The day the second atomic bomb was dropped, Clabe and Leora Wilson’s postman brought a telegram to their acreage near Perry, Iowa. One son was already in the U.S. Navy before Pearl Harbor had been attacked. Four more sons worked with their father, tenant farmers near Minburn until, one by one, all five sons were serving their country in the military. The oldest son re-enlisted in the Navy. The younger three became U.S. Army Air Force pilots.
As the family optimist, Leora wrote hundreds of letters, among all her regular chores, dispensing news and keeping up the morale of the whole family, which included the brothers’ two sisters. Her fondest wishes were to have a home of her own and family nearby.
Leora’s Letters is the compelling true account of a woman whose most tender hopes were disrupted by great losses. Yet she lived out four more decades with hope and resilience.
Joy Neal Kidney, the oldest granddaughter of the book’s heroine, is the keeper of family stories, letters, photos, combat records, casualty reports, and telegrams. Married to a Vietnam Air Force veteran, Joy lives in central Iowa. Her nonfiction has been published in The Des Moines Register, other media, and broadcast over “Our American Stories.” A graduate of the University of Northern Iowa, her essays have been collected by the Iowa Women’s Archives at the University of Iowa.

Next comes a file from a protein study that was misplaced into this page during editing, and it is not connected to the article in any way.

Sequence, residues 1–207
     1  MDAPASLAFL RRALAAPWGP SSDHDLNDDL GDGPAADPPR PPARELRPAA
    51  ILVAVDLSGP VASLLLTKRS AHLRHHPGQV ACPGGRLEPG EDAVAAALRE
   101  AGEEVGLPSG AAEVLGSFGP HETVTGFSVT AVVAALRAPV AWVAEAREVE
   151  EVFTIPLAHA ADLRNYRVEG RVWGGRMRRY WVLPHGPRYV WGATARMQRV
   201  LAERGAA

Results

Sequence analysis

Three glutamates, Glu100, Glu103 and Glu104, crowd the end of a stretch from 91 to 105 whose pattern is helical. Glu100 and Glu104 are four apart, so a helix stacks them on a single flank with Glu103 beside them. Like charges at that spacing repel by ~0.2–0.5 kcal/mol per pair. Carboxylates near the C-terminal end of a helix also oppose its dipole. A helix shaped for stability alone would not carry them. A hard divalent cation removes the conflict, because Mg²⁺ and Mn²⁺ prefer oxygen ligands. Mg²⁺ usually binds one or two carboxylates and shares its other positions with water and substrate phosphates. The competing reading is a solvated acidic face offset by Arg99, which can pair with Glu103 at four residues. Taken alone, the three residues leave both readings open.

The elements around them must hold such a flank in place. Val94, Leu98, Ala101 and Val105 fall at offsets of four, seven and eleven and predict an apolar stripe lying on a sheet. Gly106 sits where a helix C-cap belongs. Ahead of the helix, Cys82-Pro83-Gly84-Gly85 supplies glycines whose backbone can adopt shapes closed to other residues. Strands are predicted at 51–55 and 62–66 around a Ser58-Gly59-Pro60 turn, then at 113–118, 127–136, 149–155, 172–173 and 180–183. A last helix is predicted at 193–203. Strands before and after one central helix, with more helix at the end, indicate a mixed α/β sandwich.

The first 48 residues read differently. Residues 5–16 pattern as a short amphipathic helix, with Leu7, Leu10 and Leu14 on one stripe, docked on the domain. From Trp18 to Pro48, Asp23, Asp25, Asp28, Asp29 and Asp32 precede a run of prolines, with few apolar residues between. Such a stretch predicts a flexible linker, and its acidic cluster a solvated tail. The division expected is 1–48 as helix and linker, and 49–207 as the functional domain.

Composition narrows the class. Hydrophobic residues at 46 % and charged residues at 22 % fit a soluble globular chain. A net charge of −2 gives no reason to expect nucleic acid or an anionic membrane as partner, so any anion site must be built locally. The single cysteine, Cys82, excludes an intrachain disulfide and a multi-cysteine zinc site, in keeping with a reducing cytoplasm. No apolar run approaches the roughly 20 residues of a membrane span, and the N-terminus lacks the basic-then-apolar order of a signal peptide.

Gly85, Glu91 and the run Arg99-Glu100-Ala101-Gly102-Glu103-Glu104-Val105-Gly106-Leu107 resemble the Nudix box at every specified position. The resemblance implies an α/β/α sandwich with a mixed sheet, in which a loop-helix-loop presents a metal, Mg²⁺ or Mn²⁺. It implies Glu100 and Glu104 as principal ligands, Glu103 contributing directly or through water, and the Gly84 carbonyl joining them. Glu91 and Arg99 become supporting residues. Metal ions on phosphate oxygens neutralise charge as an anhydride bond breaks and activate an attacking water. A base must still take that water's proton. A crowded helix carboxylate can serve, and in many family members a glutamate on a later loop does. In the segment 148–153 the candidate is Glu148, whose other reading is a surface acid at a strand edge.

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Leora’s Letters was a finalist in the Indie Book Awards, Regional Nonfiction Category, for independently published books.
It is the story behind the brothers featured on the Dallas County Freedom Rock at Minburn, Iowa.
Joy is also the author of Leora’s Dexter Stories: The Scarcity Years of the Great Depression.
Three-minute interview with Roger Riley, photojournalist of WHO13 News